As of now, the tower is mainly used as a leisure center.

In the first fortnight of its opening to the public, over 100,000 people visited the tower. The average daily income from ticket sales has been around $5,500 and the expected annual revenue is about $8.2 million.

How China’s Air Force Can Benefit from the Russia-Ukraine War

Jhao-kai JHENG and Lin (Kirin) PU

The Russia-Ukraine War has generated an unprecedented disaster for Russia’s aircraft industry, which might provide China the opportunity to access advanced aero technologies that Moscow refused to provide before. After Russia invaded Ukraine, Western countries imposed the most comprehensive sanctions and export controls since the end of the Cold War, rendering Russia unable to manufacture advanced military hardware for war and arms export. Although Moscow has sought arms assistance from Beijing, China seems reluctant to buttress Russia overtly. However, economic support from Beijing has deepened Moscow’s reliance on China. It might increase China’s bargaining power to acquire advanced aero technologies from Russia, given that Beijing may be the only possible savior to Moscow’s waning aerospace industry after the invasion.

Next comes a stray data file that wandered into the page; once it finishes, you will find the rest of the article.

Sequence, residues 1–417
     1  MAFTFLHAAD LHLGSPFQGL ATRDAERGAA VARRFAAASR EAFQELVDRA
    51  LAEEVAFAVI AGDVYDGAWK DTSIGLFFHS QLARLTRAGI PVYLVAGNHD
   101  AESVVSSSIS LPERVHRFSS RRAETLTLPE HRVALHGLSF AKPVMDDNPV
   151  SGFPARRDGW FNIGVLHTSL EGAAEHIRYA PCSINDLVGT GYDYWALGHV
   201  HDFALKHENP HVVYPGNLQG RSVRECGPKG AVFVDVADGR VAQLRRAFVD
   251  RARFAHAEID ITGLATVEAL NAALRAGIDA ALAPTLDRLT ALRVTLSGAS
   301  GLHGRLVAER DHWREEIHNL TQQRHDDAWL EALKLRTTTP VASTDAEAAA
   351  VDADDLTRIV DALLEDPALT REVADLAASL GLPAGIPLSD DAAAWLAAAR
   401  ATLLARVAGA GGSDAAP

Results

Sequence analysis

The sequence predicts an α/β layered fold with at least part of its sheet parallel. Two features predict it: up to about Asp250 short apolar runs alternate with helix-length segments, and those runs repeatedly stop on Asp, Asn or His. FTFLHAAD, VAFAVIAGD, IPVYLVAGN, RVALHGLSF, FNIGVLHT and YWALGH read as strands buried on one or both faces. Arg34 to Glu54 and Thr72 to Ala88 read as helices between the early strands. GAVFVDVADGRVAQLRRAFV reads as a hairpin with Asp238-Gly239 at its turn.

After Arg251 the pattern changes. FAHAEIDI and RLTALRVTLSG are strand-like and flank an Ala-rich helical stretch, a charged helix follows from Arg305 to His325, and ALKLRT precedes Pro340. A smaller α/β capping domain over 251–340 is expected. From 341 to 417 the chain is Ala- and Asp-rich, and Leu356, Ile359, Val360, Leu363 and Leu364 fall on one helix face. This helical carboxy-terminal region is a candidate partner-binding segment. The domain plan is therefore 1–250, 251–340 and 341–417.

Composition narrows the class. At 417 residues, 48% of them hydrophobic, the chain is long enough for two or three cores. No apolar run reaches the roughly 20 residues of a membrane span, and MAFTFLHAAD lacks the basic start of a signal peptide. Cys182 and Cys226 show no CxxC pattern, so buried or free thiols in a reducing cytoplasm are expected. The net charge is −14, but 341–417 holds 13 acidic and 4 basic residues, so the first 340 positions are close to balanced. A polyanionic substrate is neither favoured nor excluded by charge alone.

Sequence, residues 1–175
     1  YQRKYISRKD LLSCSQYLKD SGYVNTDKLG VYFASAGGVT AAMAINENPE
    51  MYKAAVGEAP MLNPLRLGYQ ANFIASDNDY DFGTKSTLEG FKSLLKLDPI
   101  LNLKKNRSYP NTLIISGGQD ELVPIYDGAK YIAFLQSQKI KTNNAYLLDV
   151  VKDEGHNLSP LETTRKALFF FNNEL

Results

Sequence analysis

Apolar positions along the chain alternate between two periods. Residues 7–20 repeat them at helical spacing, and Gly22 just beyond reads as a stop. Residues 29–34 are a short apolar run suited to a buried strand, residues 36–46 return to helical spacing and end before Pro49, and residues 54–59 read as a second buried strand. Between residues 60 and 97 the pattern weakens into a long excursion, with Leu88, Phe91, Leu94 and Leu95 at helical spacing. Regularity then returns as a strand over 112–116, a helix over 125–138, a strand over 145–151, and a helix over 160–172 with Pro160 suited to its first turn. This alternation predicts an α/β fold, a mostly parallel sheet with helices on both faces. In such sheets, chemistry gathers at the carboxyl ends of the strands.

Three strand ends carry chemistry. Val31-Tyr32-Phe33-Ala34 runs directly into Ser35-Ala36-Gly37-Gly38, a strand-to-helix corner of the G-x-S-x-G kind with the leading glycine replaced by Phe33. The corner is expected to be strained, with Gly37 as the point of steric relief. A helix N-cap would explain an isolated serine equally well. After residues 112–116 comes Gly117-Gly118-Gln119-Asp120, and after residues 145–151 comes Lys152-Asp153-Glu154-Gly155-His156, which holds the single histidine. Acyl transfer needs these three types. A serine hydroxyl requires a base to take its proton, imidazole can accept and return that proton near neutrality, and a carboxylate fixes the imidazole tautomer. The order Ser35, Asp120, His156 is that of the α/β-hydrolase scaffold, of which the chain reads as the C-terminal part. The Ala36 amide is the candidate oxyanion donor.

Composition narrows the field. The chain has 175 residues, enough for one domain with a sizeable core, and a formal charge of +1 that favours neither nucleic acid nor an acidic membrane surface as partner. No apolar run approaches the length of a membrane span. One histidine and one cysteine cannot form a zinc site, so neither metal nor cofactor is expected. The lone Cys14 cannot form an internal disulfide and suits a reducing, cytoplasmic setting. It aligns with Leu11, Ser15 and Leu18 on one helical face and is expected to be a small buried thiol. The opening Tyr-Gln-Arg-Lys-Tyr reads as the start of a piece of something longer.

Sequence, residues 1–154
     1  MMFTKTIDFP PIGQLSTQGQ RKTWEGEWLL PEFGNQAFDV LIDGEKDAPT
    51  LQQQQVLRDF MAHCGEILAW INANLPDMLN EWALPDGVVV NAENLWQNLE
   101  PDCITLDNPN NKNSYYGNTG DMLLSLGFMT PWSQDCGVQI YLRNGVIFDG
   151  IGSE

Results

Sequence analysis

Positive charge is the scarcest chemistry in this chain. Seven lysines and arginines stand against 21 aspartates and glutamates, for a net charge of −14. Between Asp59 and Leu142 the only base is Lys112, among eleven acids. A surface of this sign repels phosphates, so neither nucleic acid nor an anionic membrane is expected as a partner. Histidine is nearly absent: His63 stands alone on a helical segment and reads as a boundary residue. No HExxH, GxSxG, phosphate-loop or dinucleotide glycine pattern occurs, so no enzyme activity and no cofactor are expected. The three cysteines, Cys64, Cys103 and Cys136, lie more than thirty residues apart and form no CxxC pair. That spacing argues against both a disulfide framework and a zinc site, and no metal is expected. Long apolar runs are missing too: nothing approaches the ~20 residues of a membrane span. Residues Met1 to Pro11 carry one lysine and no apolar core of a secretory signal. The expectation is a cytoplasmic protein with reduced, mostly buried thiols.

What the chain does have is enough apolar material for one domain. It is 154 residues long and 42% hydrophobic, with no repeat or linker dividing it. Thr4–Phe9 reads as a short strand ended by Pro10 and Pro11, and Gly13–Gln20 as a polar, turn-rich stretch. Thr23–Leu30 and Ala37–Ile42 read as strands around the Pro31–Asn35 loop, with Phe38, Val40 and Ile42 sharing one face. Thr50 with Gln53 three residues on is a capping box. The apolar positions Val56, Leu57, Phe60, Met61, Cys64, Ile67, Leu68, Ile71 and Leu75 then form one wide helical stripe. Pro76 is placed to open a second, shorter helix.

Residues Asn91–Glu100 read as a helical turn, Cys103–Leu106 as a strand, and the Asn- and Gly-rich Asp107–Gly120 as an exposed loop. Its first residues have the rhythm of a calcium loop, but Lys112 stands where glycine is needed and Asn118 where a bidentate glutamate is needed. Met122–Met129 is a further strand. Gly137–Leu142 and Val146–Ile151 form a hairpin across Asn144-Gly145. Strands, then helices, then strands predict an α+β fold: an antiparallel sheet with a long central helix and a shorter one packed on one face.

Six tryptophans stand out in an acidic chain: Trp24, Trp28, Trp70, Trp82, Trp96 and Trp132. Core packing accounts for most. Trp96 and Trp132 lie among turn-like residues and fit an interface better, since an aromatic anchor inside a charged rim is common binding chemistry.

China’s Dream of Building a Strategic Air Force

Since the end of the Cold War, China has enhanced its strategic air power through arms acquisition from former Soviet states. Most importantly, after the Taiwan Strait Crisis in 1996, deterring the intervention of the U.S. in the West Pacific has been a priority for the People’s Liberation Army (PLA). The strategic bomber is seen as the key for China to employ its Anti-Access/Area Denial tactics; for example, the upgraded Russian-made Tu-22M3M Backfire, equipped with hypersonic missiles, can render U.S. Navy fleet defense ineffective.

How Japan Got the Pandemic Right – and Wrong

Trevor Incerti and Hikaru Yamagishi